Joe Fresh shops at Penney’s will range from 1,000 to 2,500 square feet, necessitating 25 different layouts. “That in itself was a feat,” Shannon said. Each shop will debut with about 100 styles in different colors, adding up to more than 250 choices. The collection at Penney’s is women’s, no men’s wear is included, and shops are prominently situated by the front entrances. There are 12 vignettes per shop, on average, that for example would show a silk blouse in six different colors, paired with a pant, or a series of tops paired with a skirt. New goods will arrive every month, so at least a third of the shop will be different often. No product from Joe Fresh’s runway collection was purchased. Penney’s stuck to the moderate and low-priced items.

“The merchandise is really the star. It’s not so much about the decor. It’s basically white with orange highlights,” said Michael Fisher, chief creative officer at Penney’s, who formerly worked at Apple with Johnson.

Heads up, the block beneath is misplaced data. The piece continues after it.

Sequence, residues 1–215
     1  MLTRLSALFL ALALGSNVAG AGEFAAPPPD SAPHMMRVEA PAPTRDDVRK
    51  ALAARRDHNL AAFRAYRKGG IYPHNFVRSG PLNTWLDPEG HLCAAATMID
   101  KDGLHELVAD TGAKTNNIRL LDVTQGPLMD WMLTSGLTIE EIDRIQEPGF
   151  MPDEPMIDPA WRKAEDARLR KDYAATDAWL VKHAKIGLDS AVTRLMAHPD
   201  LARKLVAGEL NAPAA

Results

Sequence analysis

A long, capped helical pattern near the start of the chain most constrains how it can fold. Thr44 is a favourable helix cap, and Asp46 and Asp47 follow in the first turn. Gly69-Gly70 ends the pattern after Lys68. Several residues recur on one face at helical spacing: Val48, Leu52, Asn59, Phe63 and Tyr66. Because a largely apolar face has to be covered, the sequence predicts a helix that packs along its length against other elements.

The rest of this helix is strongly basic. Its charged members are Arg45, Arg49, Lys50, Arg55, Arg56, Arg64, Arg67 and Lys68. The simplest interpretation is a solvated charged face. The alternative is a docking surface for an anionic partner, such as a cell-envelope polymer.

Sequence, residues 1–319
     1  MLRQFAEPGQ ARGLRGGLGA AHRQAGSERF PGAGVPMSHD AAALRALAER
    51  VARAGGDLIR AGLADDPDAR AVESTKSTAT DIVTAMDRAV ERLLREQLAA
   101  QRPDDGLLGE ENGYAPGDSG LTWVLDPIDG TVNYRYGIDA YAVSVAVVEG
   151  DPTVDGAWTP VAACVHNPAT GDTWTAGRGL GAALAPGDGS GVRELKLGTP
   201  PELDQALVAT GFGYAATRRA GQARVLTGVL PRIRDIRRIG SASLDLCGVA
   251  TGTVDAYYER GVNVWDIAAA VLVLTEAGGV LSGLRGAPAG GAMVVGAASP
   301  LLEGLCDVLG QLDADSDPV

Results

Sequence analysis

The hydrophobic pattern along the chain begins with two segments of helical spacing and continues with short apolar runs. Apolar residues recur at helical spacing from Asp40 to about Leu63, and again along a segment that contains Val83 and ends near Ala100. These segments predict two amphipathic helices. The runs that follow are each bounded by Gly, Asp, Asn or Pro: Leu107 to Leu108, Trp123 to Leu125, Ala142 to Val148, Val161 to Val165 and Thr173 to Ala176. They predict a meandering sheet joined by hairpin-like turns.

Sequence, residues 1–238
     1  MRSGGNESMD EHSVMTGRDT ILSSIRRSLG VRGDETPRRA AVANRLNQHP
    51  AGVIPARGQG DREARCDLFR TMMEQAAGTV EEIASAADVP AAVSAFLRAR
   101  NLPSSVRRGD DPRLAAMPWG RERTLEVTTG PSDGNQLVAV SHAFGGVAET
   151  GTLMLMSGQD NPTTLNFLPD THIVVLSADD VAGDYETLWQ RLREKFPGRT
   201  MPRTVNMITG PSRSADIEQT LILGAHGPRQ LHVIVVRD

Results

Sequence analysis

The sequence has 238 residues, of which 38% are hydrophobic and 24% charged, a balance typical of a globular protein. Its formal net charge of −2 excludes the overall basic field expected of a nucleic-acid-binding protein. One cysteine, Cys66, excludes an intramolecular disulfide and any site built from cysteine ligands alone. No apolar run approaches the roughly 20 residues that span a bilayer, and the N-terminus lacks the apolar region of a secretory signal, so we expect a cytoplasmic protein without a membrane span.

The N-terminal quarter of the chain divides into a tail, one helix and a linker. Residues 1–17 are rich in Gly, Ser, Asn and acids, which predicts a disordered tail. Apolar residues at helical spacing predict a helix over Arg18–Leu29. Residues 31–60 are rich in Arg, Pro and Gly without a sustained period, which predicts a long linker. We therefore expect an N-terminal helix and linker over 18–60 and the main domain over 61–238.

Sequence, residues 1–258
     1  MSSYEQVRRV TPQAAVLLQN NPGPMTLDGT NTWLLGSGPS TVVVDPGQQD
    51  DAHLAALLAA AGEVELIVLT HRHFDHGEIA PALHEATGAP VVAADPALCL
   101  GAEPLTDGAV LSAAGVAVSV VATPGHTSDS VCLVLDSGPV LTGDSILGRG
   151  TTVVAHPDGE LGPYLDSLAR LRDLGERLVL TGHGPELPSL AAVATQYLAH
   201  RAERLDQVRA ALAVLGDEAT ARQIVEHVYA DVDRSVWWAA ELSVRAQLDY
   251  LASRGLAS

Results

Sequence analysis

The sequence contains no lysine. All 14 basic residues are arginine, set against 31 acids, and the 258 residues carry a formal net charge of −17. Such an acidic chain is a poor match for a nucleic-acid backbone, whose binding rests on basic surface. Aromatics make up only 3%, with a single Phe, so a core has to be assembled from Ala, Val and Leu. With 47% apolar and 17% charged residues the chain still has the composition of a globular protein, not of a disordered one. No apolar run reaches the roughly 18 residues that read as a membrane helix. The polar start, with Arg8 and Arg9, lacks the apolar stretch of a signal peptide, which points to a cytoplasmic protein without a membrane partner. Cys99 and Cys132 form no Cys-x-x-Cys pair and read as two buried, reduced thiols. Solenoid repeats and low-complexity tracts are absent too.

“From the mannequins, to the signage, to the fixturing, to the density of product, all of that was vetted in great detail,” Mimran said. “It was very collaborative. One of the things they tweaked was our fixturing. We had it set right on the Street,” meaning Penney’s new aisle format running past all the shops. “Ron suggested why don’t we just push this back two feet. It was a small suggestion that made a difference,” helping differentiate Joe Fresh and give it some breathing room.

There was some hang up with the hangers. Penney’s wanted its standard black hangers; Joe Fresh disagreed. After some “very lively and colorful conversations,” Dougherty noted, Penney’s was convinced to modify, choosing a white hanger with a softer shoulder that’s different from any other in the store. “The expense was minimal, but we think it makes a big difference,” Fisher said.